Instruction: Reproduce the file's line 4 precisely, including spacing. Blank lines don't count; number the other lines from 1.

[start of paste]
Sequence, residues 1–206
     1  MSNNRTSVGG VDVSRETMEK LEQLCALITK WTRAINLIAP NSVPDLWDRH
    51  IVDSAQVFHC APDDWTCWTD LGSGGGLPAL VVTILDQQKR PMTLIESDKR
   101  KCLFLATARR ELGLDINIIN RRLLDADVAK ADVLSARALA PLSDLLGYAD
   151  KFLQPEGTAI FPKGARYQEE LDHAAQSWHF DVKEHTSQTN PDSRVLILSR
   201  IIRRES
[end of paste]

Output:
   101  KCLFLATARR ELGLDINIIN RRLLDADVAK ADVLSARALA PLSDLLGYAD